1. Doppler Instrumentation  2. Blood Flow Dynamics 3. Blood Vessel Diseases

1. Doppler Instrumentation 2. Blood Flow Dynamics 3. Blood Vessel Diseases PowerPoint PPT Presentation


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Doppler Effect. Doppler Effect ? perceived change in frequency of emitted and received soundwave due to motion of the emitter, receiver or reflector. Doppler instruments. Doppler instruments send sample frequency into the tissue. Receiver later compares the reflected frequency with the sample

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1. Doppler Instrumentation 2. Blood Flow Dynamics 3. Blood Vessel Diseases

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1. 1. Doppler Instrumentation 2. Blood Flow Dynamics 3. Blood Vessel Diseases Montgomery College DMS 2004

2. Doppler Effect Doppler Effect – perceived change in frequency of emitted and received sound wave due to motion of the emitter, receiver or reflector

3. Doppler instruments Doppler instruments send sample frequency into the tissue. Receiver later compares the reflected frequency with the sample frequency and calculates the difference – “Doppler Shift”

4. Doppler Shift Fd = Freflected - Fsample = 2FVcosa / C Fd – Doppler Shifted Frequency F – Sample Frequency V – Velocity of moving reflector C – Propagation speed a - Doppler angle of insonation

5. Doppler Angle Best: 0, 180, or 60 Good: 45 - 60 Acceptable: 30 – 60 Worst: 90

6. Doppler Capabilities: Detects Flow (presence or absence) Direction Velocity Waveform characteristics: turbulent or laminar, steady or pulsatile, antegrade or retrograde, arterial or venous, etc.

7. Some Doppler Instruments PD Pulsed Wave Doppler CF Color Flow Doppler PW Power Wave Doppler

8. PD - Pulsed Wave Doppler Pulsed operated Capable of range resolution – allows to select exact sample position (depth) Superimposed on 2D image Waveform Spectral Analysis

9. Pulsed Wave Doppler

10. CF Color Flow Doppler Employs same principle as PD – pulsed waves Hundreds of sample gates positioned along many different scan lines Color – coded frequency information superimposed over a 2D image (different colors (hues) are assigned to different velocities) Color map appears as a vertical bar Gives information about presence of flow, its direction and velocity.

11. Color Flow Doppler

12. PD Power Doppler Energy mode Similarly to Color Flow Doppler, it detects Doppler Shifts and shows flow in color, but instead of assigning different color hues to different velocities, it assigns different color hues to different densities or volume (RBC amount). In that, Power Doppler similar to 2D imaging: the more RBC, the stronger the moving reflector – the brighter the color hue. PD does not show direction or velocity of flow, but presence of flow only. It considered to be more sensitive. Consequently, it used in occlusive or near occlusive cases when Color Doppler cannot detect any flow.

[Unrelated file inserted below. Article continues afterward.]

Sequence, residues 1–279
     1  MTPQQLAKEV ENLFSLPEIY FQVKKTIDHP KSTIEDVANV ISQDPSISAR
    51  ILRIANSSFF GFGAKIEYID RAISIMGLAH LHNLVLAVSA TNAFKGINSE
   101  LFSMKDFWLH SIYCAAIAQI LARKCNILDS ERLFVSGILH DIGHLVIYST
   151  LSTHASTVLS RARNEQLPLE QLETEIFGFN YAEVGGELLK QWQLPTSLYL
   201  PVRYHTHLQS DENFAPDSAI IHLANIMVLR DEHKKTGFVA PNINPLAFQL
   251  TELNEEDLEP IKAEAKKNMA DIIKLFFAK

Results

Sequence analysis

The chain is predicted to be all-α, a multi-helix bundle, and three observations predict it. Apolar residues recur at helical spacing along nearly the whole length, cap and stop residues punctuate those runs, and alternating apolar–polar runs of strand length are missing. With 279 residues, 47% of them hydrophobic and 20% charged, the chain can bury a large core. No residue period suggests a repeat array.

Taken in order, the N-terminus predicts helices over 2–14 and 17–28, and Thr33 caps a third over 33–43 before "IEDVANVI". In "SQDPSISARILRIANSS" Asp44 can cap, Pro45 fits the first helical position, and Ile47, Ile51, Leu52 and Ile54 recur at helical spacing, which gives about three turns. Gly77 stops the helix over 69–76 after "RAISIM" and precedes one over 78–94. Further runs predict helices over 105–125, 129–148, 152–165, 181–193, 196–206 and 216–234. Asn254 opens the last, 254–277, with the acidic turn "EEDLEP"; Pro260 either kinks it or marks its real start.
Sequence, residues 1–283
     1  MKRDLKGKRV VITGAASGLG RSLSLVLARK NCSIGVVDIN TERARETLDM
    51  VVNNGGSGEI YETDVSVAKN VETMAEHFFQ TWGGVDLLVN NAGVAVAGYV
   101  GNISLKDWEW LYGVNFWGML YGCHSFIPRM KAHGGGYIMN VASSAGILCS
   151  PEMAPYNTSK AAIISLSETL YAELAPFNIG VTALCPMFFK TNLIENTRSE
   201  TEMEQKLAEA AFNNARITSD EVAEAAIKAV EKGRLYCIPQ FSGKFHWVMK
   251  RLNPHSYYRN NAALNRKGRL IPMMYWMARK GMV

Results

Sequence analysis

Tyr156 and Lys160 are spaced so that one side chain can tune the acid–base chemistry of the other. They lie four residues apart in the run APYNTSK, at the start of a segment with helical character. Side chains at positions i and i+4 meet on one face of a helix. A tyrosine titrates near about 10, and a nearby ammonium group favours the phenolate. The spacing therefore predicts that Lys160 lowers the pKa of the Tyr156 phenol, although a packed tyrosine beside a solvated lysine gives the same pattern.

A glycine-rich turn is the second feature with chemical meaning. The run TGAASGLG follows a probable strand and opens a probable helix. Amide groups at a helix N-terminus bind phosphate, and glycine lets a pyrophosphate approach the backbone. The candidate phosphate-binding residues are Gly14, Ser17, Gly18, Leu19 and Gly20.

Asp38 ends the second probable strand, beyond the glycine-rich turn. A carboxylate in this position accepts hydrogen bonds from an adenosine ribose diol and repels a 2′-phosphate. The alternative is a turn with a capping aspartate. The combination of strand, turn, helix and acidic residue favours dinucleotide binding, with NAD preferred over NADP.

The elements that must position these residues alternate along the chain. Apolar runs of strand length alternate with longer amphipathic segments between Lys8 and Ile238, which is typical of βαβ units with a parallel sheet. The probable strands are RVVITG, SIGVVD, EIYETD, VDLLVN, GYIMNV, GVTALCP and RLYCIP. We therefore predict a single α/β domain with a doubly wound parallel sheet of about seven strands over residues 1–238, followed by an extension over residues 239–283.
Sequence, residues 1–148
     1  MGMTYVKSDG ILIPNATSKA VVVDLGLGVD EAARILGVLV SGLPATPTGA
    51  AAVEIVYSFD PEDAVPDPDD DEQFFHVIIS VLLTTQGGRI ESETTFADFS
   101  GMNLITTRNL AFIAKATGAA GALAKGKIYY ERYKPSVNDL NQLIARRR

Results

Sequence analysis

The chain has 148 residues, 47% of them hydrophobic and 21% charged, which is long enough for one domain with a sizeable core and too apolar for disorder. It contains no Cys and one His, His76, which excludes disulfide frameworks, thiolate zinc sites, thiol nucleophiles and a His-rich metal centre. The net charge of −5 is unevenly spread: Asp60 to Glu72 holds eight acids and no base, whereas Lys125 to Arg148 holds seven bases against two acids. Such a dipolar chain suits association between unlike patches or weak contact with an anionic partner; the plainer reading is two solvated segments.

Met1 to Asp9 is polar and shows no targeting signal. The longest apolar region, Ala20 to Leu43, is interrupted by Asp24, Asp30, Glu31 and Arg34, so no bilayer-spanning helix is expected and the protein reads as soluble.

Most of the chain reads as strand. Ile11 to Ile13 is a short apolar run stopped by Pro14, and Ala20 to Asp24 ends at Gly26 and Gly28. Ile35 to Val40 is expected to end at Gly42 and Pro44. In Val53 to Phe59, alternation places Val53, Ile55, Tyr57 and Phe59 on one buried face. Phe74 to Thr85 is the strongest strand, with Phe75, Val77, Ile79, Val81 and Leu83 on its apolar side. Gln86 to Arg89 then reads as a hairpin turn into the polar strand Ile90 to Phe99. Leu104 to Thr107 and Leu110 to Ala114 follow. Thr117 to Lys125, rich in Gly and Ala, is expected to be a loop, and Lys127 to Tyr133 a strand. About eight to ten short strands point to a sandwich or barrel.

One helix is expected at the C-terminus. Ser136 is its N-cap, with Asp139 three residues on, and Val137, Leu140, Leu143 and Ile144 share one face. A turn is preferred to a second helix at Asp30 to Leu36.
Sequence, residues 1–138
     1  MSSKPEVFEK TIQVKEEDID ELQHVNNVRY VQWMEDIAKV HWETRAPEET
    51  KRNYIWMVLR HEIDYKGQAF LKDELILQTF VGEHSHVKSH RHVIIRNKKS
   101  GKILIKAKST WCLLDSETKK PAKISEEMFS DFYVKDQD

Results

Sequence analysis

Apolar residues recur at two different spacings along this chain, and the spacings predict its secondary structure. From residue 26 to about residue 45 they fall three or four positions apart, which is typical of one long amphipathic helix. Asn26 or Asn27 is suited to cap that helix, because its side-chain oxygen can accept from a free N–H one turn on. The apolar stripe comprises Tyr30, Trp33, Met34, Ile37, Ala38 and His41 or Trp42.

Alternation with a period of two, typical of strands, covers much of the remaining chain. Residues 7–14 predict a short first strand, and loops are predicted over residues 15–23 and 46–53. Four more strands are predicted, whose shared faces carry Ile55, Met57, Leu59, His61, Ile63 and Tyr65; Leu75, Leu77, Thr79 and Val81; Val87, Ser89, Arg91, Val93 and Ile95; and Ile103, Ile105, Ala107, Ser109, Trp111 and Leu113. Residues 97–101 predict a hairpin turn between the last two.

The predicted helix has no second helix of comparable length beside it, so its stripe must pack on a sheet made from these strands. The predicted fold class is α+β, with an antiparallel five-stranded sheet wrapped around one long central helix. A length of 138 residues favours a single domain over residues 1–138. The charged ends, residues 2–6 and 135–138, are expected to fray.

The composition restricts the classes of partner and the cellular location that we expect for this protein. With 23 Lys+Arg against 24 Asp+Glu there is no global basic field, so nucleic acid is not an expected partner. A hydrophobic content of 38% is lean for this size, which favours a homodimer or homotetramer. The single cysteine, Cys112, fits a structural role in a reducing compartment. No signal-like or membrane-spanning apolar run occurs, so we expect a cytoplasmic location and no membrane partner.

13. Power Doppler

14. Laminar flow Parabolic Fluid moves in concentric layers Mostly uniform direction and velocity (velocity increases as the distance from the wall increases) In straight and smooth vessels

15. Laminar Flow

16. Turbulent flow Widest range of velocities (even negative – in opposite direction) Eddy (circular) currents Produces spectral broadening and color variations Due to stenosis or extrinsic compression

17. Turbulent Flow

18. Low vs. High resistance waveform ICA, Vertebral, Renal, Celiac, Splenic, Hepatic arteries are characterized by low resistance flow ECA, Subclavian, Aorta, Iliac, Extremity arteries are characterized high resistance flow

19. Low vs. High resistance waveform

20. Physical course of the arterial disease

21. VENOUS INSUFFICIENCY – INCOMPETENT VENOUS VALVES Bicuspid valves in veins keep the blood flowing in only one direction Incompetent venous valves allow blood to travel both directions creating venous hypertension, resulting in edema and varicosities. In addition, fluid, red cells, and fibrinogen may leak into the surrounding tissue. Breakdown of red blood cells and other substances can also prevent the tissue from getting proper oxygen and nutrients. (sometimes leading to ulceration)

22. DVT (Deep Venous Thrombosis) Thrombi most frequently originate at the cusps of venous valves or in the soleal sinuses because of stagnation. Flow may become restricted leading to venous hypertension. The vein walls stretch, the venous valves are damaged, all of which may lead to venous insufficiency. The great clinical danger is that the entire thrombus or a part of it may break loose and travel into the pulmonary circulation and cause life-threatening pulmonary embolism

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